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Law Development by the International Criminal Court as a Way to Enhance the Protection of Minorities—the Case for Intersectional Consideration of Mass Atrocities
Journal of International Dispute Settlement  (IF0.938),  Pub Date : 2021-01-25, DOI: 10.1093/jnlids/idaa029
Maučec G.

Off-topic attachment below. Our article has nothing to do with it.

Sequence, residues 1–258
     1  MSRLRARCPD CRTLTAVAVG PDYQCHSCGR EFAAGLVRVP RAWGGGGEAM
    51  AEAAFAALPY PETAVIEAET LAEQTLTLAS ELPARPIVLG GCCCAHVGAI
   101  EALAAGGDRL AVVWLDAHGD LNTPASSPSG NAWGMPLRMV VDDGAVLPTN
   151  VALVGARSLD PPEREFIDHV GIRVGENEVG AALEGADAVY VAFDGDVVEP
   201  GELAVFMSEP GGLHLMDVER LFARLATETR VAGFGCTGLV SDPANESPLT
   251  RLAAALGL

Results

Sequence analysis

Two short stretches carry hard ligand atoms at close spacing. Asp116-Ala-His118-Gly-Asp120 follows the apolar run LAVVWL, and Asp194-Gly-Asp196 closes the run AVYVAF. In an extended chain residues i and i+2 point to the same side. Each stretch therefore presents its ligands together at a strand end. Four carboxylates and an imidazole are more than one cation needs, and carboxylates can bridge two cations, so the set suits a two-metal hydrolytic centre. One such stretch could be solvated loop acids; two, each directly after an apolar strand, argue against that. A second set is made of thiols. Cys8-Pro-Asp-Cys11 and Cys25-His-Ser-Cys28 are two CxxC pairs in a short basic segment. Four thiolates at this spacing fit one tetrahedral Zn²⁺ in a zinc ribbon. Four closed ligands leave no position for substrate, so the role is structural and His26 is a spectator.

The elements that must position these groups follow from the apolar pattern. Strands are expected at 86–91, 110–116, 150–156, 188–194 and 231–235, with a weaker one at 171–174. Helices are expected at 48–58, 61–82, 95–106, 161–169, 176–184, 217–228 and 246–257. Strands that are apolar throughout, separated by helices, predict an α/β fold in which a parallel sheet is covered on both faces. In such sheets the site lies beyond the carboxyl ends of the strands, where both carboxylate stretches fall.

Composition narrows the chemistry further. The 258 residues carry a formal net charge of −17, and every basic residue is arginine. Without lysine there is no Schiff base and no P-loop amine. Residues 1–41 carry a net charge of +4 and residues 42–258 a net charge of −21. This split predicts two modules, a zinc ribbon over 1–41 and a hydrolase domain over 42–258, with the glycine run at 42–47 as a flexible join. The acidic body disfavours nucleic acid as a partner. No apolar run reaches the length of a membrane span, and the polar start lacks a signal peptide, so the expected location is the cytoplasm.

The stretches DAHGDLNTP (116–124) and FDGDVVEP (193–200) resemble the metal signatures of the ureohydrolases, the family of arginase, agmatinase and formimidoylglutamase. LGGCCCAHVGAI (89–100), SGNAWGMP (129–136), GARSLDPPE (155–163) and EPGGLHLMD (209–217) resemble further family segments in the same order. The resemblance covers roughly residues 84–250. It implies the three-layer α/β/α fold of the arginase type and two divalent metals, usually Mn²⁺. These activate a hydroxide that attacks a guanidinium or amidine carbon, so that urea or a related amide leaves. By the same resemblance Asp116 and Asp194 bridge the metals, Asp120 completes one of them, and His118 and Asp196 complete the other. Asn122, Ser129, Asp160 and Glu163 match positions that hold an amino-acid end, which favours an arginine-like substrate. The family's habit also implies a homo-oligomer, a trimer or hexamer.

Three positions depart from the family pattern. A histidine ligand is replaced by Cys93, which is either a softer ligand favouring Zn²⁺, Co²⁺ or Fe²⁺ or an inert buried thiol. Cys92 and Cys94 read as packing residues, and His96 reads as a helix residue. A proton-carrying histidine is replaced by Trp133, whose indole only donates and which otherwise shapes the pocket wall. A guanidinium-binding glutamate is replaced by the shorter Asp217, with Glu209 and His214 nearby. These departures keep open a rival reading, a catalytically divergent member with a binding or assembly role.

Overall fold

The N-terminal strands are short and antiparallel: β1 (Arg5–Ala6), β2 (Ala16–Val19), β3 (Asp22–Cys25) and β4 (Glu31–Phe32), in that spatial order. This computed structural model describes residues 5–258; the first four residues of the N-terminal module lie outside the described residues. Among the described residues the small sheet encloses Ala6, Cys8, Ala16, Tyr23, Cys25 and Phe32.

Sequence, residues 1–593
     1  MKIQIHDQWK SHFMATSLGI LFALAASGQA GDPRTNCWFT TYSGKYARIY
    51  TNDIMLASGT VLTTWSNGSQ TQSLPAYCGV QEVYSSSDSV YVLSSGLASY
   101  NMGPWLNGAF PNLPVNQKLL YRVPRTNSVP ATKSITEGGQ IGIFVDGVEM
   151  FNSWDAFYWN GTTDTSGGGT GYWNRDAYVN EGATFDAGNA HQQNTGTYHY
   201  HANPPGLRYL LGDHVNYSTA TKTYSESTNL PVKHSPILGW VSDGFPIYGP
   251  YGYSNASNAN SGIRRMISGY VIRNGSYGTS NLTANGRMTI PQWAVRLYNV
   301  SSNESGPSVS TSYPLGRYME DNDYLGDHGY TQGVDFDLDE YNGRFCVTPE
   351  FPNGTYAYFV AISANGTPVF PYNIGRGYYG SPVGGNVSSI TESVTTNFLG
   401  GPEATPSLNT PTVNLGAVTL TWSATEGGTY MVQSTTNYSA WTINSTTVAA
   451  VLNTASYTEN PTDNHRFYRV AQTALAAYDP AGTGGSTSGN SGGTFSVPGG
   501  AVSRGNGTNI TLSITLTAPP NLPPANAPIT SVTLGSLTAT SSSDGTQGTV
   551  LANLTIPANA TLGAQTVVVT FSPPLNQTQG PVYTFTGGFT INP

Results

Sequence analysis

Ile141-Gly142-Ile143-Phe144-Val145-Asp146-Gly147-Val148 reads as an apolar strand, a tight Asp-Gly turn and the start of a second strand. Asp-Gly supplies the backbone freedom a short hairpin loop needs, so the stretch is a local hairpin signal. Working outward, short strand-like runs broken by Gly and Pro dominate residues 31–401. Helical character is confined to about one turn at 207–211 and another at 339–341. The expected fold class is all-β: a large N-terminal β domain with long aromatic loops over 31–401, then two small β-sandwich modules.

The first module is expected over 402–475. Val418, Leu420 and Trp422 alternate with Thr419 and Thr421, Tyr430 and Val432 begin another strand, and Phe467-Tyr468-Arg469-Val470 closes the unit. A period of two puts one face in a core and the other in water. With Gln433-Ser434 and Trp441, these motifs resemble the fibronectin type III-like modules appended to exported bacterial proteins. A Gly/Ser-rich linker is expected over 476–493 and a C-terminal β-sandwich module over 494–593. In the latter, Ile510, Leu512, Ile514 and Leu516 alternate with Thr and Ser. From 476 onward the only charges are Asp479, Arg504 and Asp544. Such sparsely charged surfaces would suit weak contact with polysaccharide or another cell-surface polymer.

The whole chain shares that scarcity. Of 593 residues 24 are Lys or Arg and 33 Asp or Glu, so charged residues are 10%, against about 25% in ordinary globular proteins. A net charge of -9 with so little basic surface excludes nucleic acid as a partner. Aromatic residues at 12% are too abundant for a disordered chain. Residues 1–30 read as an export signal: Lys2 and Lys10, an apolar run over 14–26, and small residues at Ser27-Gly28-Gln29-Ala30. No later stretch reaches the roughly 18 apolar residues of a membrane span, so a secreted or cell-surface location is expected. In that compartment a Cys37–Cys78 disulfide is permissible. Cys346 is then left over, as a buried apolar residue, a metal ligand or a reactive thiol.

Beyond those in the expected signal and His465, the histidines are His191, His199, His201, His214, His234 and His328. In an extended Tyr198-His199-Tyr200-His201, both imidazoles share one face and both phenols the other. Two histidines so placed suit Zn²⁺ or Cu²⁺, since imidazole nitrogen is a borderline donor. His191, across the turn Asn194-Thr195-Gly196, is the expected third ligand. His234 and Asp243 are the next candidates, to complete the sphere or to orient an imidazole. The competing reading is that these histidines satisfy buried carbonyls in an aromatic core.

Mass atrocities almost invariably involve the targeting of racial, ethnic, religious and/or political groups. Other groups, such as homosexuals, have also been vulnerable to targeted destruction. Both experience and international case law demonstrate that atrocity crimes have mostly been inflicted on minorities within minorities. With individuals being targeted on several personal grounds or due to overlapping identities (for example, women and girls belonging to ethnic or religious minorities) there is a strong case for both scholarship and international criminal judiciary to develop an expertise on intersectional discrimination in the context of international crimes that implicate discriminatory intent of a perpetrator. Yet, the International Criminal Court (ICC or Court) has tended to consider atrocities motivated by discrimination on isolated discriminatory grounds and independently from each other. As a prescriptive contribution, the present article challenges this trend by arguing that in more complex criminal cases the protected characteristics need to be considered together with, and not separately from, one another, in order to capture the multi-faceted experiences of mass abuses. Underlying the treatment of the subject matter are thus two basic questions: first, given a full respect for the principle of legality (nullum crimen sine lege), what are the possible avenues for international criminal adjudication to recognize intersectionality so as to overcome conceptual flaws and limitations of single-issue analysis of discrimination in cases involving core international crimes against minorities? For example, can Article 21(3) of the Rome Statute on the interpretation and application of substantive international criminal law in light of international human rights standards serve as a viable tool for the Court to evolve its jurisprudence on this particular issue? Second, how and to what extent should the Court take intersectionality into consideration in the formulation of charges; identification and interpretation of applicable law; determination of criminal sentence; ordering adequate remedies (reparations) for victims; and in considering such aspects as the gravity assessment, or the contextualisation of crimes? Answering these questions, the article shows that by applying, interpreting and, when need be, developing international criminal law in a way that utilizes intersectionality the ICC can make in these areas important jurisprudential contributions with far-reaching socio-legal implications.